The “Mystery” Respiratory Illness In Dogs

yorkie sick patient

I was at the vet with one of my Yorkies yesterday and overheard the receptionist on the phone. The caller was clearly concerned about coming inside and I heard them being told that the doctor could not examine their pet in the parking lot but they were welcome to wait in their car until the vet was ready to see them.

At first, I thought the client was concerned about their own health but then I realized they were concerned enough about their dog catching the mystery respiratory illness that’s going around right now that they made that call, so I think it’s time for me to address it.

Since the veterinary community doesn’t know exactly what it is (virus? bacteria? something else?) or have an agreed-upon treatment protocol, I am not going to pretend I know either. What I do want to talk about is what it is, what to look for, the precautions I am taking, and what you can do too.


In case you haven’t heard, there is a highly contagious, potentially fatal respiratory illness going around in dogs. Since scientists haven’t been able to figure out exactly what it is, it has become known as “The Mystery Illness” in dogs. It has been reported in over 14 states so far but with so many families traveling with their dogs this holiday season it will probably spread to even more.


I have watched A LOT of videos of what the cough sounds like and I have to admit that if I heard one of my Yorkies making some of those sounds I would not have recognized it as a cough. To me it sounded more like they were clearing their throats. There are a ton of videos online showing the cough and I highly recommend that you watch at least a few so you recognize it if you hear it.

Other symptoms are fatigue, sneezing, trouble breathing, and discharge from the eyes and / or nose.

If symptoms develop, isolate the sick dog from your other pets and call the vet immediately. I’m serious. DO NOT WAIT!!! In every instance I’ve read about the key to a successful outcome is fast medical intervention.


Make sure your dog is up to date on their vaccinations. Being vaccinated won’t protect your Yorkie from getting the mystery illness; it makes it less likely that your pup has another illness like Bordetella (Kennel Cough) or Canine Influenza. This knowledge can lead to faster diagnosis and treatment of the mystery illness.

The one thing we do know for sure is that this illness is highly contagious. Because of that you should avoid taking your dog anywhere they would have contact with other dogs. This includes doggy day care, boarding facilities, dog parks, etc. You should also not let your pup greet other dogs while out on their walks.


Since our Yorkies require regular grooming before your next appointment you will want to know ….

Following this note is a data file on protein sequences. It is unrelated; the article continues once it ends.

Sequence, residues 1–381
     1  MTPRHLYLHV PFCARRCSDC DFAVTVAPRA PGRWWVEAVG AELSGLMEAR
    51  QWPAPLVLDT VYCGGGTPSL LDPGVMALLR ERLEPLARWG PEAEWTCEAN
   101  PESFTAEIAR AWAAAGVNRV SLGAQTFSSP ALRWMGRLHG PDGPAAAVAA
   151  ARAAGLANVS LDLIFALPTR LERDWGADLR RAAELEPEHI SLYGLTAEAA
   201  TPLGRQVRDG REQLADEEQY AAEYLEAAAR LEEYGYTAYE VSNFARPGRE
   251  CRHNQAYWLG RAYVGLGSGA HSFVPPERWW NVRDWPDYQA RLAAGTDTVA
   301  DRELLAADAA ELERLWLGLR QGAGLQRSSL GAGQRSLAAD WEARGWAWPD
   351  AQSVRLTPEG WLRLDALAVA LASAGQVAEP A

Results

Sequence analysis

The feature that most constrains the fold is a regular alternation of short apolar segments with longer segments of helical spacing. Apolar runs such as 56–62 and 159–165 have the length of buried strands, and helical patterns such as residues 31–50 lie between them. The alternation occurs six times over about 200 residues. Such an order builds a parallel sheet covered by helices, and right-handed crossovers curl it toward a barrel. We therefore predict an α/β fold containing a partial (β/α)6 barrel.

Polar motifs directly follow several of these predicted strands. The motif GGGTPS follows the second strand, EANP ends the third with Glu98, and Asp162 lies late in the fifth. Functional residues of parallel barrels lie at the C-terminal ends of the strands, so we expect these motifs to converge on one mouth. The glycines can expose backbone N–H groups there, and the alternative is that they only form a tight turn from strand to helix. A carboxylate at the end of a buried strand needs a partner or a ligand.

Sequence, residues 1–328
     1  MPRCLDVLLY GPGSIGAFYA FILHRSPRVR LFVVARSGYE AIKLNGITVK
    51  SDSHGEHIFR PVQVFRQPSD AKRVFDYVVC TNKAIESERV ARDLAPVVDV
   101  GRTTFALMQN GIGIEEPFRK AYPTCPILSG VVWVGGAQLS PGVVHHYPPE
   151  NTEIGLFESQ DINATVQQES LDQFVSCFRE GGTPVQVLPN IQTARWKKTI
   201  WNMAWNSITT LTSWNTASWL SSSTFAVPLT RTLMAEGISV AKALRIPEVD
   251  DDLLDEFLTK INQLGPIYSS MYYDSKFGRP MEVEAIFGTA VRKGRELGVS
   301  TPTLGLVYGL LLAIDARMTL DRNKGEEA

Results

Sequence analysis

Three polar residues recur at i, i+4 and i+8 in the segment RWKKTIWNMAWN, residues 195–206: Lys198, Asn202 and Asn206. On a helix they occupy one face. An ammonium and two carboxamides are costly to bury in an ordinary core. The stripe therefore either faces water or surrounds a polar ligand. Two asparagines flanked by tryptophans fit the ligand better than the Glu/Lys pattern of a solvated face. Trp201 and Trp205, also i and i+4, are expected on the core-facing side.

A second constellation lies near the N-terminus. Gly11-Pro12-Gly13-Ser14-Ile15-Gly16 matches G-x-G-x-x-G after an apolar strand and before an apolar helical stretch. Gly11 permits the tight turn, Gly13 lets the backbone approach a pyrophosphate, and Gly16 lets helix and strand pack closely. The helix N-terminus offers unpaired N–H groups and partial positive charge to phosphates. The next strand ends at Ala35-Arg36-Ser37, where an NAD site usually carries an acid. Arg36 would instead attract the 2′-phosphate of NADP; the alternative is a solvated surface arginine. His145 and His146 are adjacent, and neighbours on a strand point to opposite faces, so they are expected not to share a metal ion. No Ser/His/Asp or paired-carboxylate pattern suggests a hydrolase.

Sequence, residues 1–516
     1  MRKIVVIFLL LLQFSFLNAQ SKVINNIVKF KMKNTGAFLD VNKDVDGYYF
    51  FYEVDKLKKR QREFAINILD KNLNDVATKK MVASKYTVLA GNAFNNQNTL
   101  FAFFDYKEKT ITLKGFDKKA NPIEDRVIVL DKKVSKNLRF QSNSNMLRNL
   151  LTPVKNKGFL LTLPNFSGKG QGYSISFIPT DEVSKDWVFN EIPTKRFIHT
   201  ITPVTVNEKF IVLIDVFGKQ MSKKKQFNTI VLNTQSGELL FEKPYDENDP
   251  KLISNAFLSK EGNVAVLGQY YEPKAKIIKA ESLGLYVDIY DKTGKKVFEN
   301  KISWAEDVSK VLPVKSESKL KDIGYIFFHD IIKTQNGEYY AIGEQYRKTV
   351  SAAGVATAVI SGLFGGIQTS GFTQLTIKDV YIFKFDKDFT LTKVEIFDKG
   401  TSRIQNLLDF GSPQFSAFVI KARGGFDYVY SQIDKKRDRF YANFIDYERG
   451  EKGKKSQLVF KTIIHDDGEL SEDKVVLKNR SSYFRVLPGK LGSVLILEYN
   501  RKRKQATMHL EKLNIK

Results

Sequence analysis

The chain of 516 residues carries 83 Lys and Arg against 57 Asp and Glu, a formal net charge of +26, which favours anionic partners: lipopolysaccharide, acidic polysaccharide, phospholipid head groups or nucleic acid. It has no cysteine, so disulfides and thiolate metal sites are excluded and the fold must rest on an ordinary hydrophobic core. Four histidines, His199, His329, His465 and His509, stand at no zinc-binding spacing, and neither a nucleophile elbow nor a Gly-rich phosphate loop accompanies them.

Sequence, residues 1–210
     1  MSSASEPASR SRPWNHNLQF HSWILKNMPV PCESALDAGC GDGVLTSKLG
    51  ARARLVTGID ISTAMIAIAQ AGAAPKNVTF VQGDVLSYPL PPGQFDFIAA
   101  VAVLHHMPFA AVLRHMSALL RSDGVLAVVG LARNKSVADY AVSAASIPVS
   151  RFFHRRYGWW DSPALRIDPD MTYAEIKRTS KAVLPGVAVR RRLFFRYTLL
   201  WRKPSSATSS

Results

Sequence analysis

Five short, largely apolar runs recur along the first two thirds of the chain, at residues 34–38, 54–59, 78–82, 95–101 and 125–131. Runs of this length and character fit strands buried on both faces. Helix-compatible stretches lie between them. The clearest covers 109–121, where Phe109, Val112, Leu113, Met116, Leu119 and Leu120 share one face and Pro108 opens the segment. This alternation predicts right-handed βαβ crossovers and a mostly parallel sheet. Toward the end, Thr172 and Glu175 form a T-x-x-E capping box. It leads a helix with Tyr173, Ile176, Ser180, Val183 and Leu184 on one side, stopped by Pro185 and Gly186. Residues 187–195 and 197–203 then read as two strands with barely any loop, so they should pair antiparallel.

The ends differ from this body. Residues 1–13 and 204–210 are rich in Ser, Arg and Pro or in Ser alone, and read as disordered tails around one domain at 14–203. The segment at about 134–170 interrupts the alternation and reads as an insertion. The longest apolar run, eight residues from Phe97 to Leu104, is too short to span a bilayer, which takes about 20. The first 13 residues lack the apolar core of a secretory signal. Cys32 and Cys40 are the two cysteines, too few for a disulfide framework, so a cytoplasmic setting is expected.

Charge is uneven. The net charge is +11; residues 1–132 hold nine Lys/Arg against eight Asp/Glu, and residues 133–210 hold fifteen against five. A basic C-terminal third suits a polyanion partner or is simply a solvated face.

• Does your groomer require their clients be vaccinated?
  • Are they sanitizing tables, cages, and tools between clients?
  • Do they have an air filtration system?
  • Is the grooming salon “cage free” or are dogs kept separated in kennels?

Ideally, you would want the first appointment of the day when fewer other pets have been in the shop that day.


I think that every puppy can benefit from going to a puppy training class BUT (you knew there was a “but” didn’t you?) before attending you should find out:

  • Are vaccines required prior to enrollment?
  • Is the area being sanitized before and after each class?
  • Are communal water bowls being used? (they should not be)
  • Are puppies allowed to play with each other before, during or after class? If they are, I would not allow my pup to participate.

Weather permitting, it would be ideal if you could find an outdoor class.


This one is tricky since you want to keep up routine health care but the vet’s office is where you are most likely to encounter sick pets. Before your next appointment ask:

  • What screening process your vets office is using for patients coming in?
  • What is the isolation protocol for suspected contagious disease? Are these pets being brought in through a back door? Is there a separate area for examining, treating, and hospitalizing these patients?
  • What are their mitigation procedures? (is PPE being worn by staff when treating these patients? is everything that touched the patient (including stethoscopes) being disinfected?)
  • In general, do they disenfect rooms between patients?
  • How often is the waiting area cleaned?
  • Does the office have an air filtration system?

Every situation is different. Once you have the answers to these questions you can weigh the risks and benefits and decide what is right for you and your dog.


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